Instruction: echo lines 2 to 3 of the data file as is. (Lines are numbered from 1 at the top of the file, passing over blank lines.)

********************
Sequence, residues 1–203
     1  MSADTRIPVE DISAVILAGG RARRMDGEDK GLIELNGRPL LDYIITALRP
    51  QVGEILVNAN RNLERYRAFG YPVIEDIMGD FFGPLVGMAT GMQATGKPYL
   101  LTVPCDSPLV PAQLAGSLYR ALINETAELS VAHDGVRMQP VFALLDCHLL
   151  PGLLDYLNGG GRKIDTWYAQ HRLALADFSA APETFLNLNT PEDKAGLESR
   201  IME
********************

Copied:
     1  MSADTRIPVE DISAVILAGG RARRMDGEDK GLIELNGRPL LDYIITALRP
    51  QVGEILVNAN RNLERYRAFG YPVIEDIMGD FFGPLVGMAT GMQATGKPYL